FRAMINGHAM – Framingham League of Women Voters hosted an Informed Framingham panel last night at the Framingham Public Library’s main branch.
The panel focused on the opioid epidemic, and what the courts and government of Massachusetts have done to address it.
Presenting were Roberta Leis, the executive director of the New England Association of Drug Court Professionals (NEADCP) and former president of the League of Women Voters, Judge Robert Zeiman, President of NEADCP, and Alice Casey, a representative of the Office of the Middlesex District Attorney.
Moderating the panel was Jim Pilsbury of the League of Women Voters, Framingham chapter.
Leis began the presentation by giving an overview of what drug courts are, and their history in both the nation and in Massachusetts.
She said they are useful for combating addiction because they focus on treatment rather than jail time, which has helped reduce recidivism in addicts.
Judge Zeiman emphasized shorter sentencing for addicts, especially those that are at a higher risk of overdosing.
“At the beginning, people were familiar with low-risk people,” he said, “And no matter how you deal with low risk versus high-risk, you can have the best drug court in the world, and high-risk people will recidivate at a higher rate.”
He also expressed support for public policies such as Section 35, which prevents someone from being convicted if they are addicted and at a high risk of overdosing.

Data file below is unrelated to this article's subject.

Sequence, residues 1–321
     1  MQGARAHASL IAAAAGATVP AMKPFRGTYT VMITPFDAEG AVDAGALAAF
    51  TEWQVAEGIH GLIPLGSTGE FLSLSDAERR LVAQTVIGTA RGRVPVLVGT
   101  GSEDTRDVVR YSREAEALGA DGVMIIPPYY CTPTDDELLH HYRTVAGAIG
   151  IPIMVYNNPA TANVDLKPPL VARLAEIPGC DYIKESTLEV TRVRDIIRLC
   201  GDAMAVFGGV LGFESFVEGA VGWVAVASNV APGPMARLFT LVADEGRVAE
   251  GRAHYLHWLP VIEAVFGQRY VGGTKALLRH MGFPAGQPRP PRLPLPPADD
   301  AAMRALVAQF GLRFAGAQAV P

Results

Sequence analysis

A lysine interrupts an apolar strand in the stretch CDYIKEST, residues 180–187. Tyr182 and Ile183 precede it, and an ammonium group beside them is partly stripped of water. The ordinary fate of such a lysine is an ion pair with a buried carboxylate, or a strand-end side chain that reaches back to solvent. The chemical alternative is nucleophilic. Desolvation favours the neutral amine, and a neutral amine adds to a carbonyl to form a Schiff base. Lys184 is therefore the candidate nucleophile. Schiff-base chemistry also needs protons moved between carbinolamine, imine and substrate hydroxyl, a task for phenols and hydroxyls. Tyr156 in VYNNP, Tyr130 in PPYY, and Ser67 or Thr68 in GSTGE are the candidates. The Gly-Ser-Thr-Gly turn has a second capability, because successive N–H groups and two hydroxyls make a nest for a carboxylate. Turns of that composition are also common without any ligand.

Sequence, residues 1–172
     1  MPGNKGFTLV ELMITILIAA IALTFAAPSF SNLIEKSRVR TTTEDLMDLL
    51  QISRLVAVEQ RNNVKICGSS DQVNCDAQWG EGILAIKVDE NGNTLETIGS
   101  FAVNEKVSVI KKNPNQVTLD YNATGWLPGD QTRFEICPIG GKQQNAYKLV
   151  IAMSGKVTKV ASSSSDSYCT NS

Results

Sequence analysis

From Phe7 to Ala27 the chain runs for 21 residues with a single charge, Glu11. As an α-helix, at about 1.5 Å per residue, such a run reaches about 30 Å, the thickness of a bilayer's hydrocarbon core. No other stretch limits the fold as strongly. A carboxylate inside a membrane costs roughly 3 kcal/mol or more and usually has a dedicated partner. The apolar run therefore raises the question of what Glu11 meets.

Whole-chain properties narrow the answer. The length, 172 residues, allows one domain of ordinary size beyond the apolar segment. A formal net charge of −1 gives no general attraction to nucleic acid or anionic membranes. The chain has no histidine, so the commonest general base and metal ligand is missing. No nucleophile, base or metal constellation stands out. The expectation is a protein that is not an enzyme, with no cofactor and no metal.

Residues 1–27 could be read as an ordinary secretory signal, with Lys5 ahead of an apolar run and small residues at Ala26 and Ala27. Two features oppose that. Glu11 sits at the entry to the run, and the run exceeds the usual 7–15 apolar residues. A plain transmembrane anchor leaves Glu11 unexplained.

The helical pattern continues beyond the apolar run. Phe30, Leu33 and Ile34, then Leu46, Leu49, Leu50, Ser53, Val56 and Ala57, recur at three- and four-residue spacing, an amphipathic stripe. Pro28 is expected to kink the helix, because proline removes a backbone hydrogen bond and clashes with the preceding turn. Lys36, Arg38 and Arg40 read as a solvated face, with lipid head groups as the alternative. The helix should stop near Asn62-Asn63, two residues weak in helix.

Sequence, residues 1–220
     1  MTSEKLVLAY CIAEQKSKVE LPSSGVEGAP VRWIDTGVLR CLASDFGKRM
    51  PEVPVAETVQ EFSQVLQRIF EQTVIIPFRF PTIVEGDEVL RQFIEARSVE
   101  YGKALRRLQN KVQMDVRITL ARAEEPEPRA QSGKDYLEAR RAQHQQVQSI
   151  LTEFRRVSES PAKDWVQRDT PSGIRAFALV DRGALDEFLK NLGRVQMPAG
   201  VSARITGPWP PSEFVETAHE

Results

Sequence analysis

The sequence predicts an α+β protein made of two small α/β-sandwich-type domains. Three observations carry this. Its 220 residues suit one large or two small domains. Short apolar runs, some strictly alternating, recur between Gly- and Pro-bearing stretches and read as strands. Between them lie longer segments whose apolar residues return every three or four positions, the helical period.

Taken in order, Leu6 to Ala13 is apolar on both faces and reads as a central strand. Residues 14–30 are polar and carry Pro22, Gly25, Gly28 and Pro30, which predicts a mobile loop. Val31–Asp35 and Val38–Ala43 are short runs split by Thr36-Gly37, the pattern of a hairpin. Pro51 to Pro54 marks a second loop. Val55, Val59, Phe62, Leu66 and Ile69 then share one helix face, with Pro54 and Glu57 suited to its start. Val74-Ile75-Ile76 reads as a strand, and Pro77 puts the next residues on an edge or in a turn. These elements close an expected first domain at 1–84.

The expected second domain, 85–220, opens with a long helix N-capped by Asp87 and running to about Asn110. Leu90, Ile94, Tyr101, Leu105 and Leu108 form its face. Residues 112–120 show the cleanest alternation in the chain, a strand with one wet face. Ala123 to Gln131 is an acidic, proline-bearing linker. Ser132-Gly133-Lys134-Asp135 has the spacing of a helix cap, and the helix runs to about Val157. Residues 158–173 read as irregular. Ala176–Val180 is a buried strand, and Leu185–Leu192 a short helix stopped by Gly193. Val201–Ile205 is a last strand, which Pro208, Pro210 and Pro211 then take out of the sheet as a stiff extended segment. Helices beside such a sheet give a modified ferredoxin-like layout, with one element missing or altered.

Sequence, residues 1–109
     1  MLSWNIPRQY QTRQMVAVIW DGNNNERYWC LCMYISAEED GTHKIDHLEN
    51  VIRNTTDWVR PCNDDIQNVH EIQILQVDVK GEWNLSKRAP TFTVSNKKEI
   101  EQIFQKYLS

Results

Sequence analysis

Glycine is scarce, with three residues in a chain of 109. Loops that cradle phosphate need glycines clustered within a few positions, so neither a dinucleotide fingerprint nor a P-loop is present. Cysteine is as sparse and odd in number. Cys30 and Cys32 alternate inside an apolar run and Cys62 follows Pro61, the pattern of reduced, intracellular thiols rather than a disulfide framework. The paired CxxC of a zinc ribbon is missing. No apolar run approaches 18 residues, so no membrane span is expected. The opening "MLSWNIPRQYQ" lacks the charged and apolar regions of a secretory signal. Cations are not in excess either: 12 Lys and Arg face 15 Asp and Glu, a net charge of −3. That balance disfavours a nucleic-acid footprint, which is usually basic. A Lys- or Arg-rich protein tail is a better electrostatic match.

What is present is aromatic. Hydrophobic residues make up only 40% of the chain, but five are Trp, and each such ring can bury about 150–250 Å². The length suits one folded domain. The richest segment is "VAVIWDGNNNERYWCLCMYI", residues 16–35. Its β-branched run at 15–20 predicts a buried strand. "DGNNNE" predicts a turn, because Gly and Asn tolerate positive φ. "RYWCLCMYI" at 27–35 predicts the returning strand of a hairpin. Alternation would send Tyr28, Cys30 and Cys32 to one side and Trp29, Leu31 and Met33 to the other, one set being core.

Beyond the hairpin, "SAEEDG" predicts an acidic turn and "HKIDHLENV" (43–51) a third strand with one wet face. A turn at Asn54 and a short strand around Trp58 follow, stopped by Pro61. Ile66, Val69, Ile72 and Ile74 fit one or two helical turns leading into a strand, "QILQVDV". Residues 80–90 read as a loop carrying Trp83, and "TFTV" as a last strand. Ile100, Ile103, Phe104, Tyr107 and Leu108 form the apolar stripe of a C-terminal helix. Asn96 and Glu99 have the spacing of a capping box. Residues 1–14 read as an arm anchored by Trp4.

Casey explained what the District Attorney’s office and the State’s Opioid Task Force have done to address the crisis.
One of the major ways they have combatted this crisis is through the creation of adult drug diversion programs, which dismiss the criminal charge if the defendant complies with a rehabilitation program.
Casey believes programs like this are effective because they can “help the defendant get back on his or her feet while also keeping the community safe.”
After the panelists finished, the audience could voice their concerns by anonymously writing on an index card. Some notable topics included how Massachusetts will address the fact that many people of color are affected by addiction, as well as the overall quality of the treatment facilities.
The League of Women Voters believes that holding information sessions like these are important because they help residents learn about the things that are going on in their community. “We believe that an informed public is more equipped and more informed with facts to make better decisions when it comes to political decisions and voting on issues,” said Stephanie Deeley, the president of the Framingham chapter.
There are 53 adult district drug courts in the state of Massachusetts, including Framingham.
If you or a loved one is suffering from an addiction, please call the following numbers
- Advocates Framingham (800-640-5432)
- MA Substance Abuse Hotline (800-327-5050).
PHOTOS by SOURCE intern Nick Barry